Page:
Get a free beginner's guide to photography

Learn techniques and best practices for capturing motion in low light

Super Secret Project VR Explained

How many of you have been confused about what Vibration Reduction and Image Stabilization are really doing for you? Don’t worry, you are not the only one who is confused by it. The marketing that the major companies have put into telling you that all you need in low light situations is VR or IS to get solid images is just misleading.

Some of the misconceptions are that VR/IS will help freeze a moving subject when shooting with a slower shutter speed. What is really going to happen when you shoot a moving subject such as basketball player with VR/IS on and a slow shutter speed is the subject will blur and the background will be sharp. VR/IS will not help you freeze motion, it will help counteract camera shake because you are shooting at a really slow shutter speed.

The lower end lenses like 55-200 VR or 55-300 VR are F/5.6 when zoomed out to 200. That means they are not letting a lot of light in. To counteract that you have to raise your ISO very high which will result in lower quality images just to get a usable shutter speed. This brings us to the next misconception, that VR/IS replace the need to spend a lot of money on faster 2.8 because you are getting 2-4 stops extra with VR. Let’s take a look at this scenario, 70-200 F/2.8 zoomed out to 200 will still shoot at F/2.8. Now you can drop your ISO resulting in better quality images because you are legitimately letting in more light which results in faster shutter speeds.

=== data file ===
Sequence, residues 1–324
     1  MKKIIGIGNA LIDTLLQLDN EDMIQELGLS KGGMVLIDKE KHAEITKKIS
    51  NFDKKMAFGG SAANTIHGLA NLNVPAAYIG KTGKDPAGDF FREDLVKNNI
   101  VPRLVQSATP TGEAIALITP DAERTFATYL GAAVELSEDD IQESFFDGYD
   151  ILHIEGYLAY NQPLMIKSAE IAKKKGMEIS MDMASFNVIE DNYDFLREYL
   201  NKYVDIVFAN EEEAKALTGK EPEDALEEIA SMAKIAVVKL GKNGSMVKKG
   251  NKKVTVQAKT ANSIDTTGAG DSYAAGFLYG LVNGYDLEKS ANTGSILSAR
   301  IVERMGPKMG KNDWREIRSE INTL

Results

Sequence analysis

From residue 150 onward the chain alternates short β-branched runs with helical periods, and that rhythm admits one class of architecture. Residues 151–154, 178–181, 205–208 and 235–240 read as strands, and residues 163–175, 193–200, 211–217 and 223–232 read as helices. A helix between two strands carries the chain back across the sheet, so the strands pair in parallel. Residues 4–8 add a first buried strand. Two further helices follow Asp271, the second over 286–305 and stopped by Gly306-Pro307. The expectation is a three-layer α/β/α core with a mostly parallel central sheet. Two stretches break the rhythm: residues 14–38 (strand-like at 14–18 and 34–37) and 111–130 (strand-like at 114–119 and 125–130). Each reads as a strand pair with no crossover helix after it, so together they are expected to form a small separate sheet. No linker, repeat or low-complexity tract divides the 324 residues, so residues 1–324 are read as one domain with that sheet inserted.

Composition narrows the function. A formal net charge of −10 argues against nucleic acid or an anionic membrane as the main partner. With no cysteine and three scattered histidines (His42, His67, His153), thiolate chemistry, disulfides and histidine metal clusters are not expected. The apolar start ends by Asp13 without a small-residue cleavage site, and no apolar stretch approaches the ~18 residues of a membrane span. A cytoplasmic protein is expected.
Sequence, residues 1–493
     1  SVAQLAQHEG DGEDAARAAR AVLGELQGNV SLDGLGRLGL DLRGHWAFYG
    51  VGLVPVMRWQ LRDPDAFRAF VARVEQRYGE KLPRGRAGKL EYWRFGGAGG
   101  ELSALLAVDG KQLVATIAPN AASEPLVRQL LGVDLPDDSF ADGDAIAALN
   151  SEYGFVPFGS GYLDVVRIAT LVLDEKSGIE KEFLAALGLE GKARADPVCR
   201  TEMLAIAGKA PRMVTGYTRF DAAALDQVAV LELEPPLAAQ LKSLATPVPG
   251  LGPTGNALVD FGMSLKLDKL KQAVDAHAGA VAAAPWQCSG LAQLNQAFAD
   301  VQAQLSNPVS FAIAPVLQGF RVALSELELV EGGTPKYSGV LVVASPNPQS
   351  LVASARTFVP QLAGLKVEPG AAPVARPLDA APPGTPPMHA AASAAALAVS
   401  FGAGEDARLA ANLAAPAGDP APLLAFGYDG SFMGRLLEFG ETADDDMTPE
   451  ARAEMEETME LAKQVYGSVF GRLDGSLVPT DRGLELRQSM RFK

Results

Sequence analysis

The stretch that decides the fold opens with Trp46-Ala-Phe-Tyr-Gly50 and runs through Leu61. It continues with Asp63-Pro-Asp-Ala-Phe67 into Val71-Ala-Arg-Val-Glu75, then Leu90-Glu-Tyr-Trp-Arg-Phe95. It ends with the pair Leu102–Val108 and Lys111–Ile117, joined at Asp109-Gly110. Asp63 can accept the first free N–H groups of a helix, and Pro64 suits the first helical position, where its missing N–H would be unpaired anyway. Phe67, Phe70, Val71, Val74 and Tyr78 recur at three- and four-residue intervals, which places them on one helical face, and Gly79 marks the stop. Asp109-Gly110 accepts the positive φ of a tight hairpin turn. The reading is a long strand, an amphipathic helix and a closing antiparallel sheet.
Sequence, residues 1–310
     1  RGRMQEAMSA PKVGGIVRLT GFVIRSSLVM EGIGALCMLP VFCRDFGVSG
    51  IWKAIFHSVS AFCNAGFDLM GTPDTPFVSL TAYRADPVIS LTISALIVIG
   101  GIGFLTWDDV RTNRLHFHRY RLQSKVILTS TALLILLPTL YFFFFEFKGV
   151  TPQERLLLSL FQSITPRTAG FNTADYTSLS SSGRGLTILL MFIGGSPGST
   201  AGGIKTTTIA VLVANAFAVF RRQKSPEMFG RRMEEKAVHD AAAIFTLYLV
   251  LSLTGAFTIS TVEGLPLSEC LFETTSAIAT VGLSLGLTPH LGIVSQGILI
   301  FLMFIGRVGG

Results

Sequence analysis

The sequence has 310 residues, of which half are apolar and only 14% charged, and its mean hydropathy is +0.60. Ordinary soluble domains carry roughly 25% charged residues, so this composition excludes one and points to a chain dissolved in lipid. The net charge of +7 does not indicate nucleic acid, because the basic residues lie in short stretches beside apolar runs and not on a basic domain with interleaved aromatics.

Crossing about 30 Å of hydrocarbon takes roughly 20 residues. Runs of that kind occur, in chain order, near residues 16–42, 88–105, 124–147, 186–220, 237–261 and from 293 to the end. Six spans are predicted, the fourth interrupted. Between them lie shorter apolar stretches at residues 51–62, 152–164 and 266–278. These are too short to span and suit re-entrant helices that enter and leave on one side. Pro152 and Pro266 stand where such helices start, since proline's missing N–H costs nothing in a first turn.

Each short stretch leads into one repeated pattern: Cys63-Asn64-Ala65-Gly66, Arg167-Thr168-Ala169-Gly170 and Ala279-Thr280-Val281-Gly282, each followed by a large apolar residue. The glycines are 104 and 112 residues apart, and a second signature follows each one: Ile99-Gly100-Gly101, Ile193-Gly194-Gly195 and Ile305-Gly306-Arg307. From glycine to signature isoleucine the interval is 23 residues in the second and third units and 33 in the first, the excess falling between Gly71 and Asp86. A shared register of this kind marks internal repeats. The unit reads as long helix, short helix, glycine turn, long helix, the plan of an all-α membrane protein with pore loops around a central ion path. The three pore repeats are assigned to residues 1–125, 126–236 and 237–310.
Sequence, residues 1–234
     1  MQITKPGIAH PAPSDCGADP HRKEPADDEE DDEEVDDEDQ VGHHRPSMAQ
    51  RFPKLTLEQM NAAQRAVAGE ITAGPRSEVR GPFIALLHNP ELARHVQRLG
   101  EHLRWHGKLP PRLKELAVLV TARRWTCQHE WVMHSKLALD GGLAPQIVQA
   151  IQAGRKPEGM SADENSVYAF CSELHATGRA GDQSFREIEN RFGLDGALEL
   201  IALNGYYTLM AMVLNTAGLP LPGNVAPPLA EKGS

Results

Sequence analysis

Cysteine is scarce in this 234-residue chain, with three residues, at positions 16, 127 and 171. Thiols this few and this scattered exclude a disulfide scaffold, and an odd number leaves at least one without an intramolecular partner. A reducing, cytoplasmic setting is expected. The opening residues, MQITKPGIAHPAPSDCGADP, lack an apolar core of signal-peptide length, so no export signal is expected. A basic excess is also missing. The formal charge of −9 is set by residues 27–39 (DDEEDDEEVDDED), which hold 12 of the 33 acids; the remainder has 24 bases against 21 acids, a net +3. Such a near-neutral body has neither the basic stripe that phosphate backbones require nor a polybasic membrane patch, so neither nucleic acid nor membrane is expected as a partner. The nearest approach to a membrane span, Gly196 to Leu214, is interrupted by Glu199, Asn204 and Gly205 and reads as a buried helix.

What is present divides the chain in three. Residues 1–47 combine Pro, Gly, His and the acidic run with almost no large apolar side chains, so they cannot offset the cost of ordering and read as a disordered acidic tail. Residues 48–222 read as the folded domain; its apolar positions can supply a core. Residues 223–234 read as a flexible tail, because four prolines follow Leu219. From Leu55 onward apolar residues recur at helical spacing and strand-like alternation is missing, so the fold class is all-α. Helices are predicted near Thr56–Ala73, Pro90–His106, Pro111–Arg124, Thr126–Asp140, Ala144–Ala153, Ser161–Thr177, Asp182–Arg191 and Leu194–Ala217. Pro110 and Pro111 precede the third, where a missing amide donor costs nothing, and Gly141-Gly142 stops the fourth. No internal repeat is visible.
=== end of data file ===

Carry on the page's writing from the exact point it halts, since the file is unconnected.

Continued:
If you were shooting @ F/5.6 at 1/40th at ISO 3200 with VR and you switched to a 70-200 F/2.8 you would be shooting somewhere around 1/250th F/2.8 ISO 3200. Now you have a fast enough shutter speed to freeze that basketball action without needing VR. This is why I talk about the importance of better or faster glass. I am not just telling you its better because its more money, I tell you its better because it allows you to capture images you are looking to capture easier.

I feel that many photographers who are just starting out get discouraged fairly quickly when they are getting un sharp images and not sure why. Many times they blame the camera when the real issue is the lens. I am not saying that better glass with make every one of your images better. I am saying that better glass will allow you a better chance of capturing the images you are looking to capture.

I own one lens with VR, the Nikon 70-200 2.8 VR2, most of the time it stays off. I don’t want VR in most of my lenses, one its going to add price to the lens and two wide angle lenses are easier to hand hold and slower shutter speeds. Telephoto lenses do not draw as much light so VR can come in handy when shooting non moving objects.

Hopefully this clears up some of the confusion about VR and how it works.